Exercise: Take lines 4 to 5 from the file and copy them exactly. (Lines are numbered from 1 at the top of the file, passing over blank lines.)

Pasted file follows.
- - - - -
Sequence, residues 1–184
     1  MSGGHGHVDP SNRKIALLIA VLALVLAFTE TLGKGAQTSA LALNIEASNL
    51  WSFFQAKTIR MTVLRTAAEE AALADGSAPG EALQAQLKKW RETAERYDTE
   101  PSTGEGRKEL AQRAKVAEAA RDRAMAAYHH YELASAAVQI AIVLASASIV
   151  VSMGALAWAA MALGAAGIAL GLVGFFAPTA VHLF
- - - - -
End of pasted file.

   101  PSTGEGRKEL AQRAKVAEAA RDRAMAAYHH YELASAAVQI AIVLASASIV
   151  VSMGALAWAA MALGAAGIAL GLVGFFAPTA VHLF